Location of the Accident
The accident occurred in the new side motor control center located on the balling mill floor in the concentrator building. The air-magnetic circuit breaker over-current protective device that failed to clear the fault was located in the new side substation distribution building, part of the plant's electrical power feed substation.
Electrical power entered the mine site at the main substation by means of two 115kV feeds and immediately entered two Allis-Chalmers oil circuit breakers (OCB). Electrical power was then distributed through a 115kV bus that fed five 115kV/4160V transformers. Transformer No. 5, which was involved in the accident, fed the new side substation distribution room (SDR) 4160V bus 50. Electrical power was further distributed to the plant through Allis-Chalmers air-magnetic circuit breakers (ACB). Electrical power was provided to the concentrator building new side ball mill motor control center (MCC) room by approximately 1000 feet of 750 MCM cables (Appendix B).
As a result of the accident, the MCC room (where the victim was found) and the new side SDR were badly damaged. The 4160 electrical conductors that ran from the SDR to the MCC room also sustained significant damage during the accident.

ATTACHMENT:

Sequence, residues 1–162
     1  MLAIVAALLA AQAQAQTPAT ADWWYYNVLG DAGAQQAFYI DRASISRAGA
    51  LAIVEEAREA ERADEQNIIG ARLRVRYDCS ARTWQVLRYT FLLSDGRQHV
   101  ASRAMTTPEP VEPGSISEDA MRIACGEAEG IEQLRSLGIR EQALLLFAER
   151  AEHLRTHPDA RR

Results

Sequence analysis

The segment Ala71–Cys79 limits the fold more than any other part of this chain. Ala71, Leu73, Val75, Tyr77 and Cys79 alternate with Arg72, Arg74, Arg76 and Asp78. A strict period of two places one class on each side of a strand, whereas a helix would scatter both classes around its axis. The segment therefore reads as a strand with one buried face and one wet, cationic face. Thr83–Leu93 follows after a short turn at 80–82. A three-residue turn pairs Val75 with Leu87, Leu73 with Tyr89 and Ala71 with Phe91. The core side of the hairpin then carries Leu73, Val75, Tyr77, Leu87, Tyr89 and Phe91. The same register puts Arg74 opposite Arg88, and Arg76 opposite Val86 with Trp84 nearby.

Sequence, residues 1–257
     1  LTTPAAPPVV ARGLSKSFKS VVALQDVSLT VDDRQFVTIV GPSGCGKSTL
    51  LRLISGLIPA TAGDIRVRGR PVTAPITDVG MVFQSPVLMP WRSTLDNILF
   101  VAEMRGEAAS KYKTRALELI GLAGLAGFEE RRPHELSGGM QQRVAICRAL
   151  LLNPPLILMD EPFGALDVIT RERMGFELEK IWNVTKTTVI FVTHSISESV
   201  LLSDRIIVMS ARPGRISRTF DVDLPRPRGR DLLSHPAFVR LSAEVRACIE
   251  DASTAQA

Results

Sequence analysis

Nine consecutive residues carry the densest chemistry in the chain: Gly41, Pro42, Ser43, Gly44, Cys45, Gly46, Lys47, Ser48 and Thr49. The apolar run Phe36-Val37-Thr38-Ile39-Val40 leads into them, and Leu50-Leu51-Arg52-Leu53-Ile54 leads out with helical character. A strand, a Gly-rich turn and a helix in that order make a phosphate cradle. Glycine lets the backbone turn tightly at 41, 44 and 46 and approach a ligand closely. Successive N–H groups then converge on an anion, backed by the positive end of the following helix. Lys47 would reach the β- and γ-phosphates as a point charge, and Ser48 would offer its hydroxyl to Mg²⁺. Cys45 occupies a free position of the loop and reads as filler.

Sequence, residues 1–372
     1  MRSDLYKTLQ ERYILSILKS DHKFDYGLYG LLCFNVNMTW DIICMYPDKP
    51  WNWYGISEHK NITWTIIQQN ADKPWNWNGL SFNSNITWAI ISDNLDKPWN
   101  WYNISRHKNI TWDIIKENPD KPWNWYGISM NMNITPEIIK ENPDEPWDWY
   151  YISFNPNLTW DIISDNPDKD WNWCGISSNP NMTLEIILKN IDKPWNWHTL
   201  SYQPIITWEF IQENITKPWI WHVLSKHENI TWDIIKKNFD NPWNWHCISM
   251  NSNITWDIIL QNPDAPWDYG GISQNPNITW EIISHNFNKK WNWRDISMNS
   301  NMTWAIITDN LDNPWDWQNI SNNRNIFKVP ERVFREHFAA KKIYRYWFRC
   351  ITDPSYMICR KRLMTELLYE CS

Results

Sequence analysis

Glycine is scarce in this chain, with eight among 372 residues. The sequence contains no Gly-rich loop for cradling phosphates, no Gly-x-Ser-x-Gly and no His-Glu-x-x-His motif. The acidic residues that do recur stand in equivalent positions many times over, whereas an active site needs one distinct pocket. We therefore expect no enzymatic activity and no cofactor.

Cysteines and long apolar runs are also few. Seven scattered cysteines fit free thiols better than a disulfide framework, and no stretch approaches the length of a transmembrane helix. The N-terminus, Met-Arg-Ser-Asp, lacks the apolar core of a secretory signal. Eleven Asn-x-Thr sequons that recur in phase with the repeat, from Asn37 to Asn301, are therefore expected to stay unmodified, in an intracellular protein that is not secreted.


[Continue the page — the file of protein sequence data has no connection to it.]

The MCC room sustained damage to the entire west wall (incoming bus) where the arcing originated. Due to the extent of damage, the origin of the initial fault could not be determined; however, after the inception of initial fault, the fault enveloped all three-phases of the electrical power on the line-side of the ball mill motor starter vacuum contactor in the MCC room.
Damage to the line side of the No. 4 south ball mill motor's starter was the most extensive. The power cables feeding this motor appeared to be burned from the inside out. Damage to these power cables was evident throughout the entire 1000 feet of cable between the SDR and the MCC room. The damage to the wires was indicative to a vast fault current over a period of time. Internal heating of the cables that supplied power to ball mills No. 3 and No. 5 was evident but not excessive, thus supporting No. 4 ball mill line side feed as the origin of the initial fault.
The electrical circuits that supplied power to ball mills Nos. 3, 4, and 5 were protected by an Allis-Chalmers ACB. This breaker was located in the SDR and was found in the closed (on) position after the accident. Electrical power continued to be supplied to the MCC room through the ACB and was only interrupted when the cables feeding Nos. 3, 4, and 5 ball mills melted, causing a physical break in electrical connection.